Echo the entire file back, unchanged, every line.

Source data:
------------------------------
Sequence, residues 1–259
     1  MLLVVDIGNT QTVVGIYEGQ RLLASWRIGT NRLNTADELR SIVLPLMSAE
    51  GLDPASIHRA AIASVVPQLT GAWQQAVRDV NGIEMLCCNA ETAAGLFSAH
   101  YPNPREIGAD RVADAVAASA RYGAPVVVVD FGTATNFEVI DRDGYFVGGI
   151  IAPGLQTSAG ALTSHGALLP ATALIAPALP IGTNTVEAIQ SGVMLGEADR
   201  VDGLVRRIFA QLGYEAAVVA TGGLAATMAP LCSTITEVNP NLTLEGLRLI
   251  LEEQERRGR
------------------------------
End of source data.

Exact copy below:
Sequence, residues 1–259
     1  MLLVVDIGNT QTVVGIYEGQ RLLASWRIGT NRLNTADELR SIVLPLMSAE
    51  GLDPASIHRA AIASVVPQLT GAWQQAVRDV NGIEMLCCNA ETAAGLFSAH
   101  YPNPREIGAD RVADAVAASA RYGAPVVVVD FGTATNFEVI DRDGYFVGGI
   151  IAPGLQTSAG ALTSHGALLP ATALIAPALP IGTNTVEAIQ SGVMLGEADR
   201  VDGLVRRIFA QLGYEAAVVA TGGLAATMAP LCSTITEVNP NLTLEGLRLI
   251  LEEQERRGR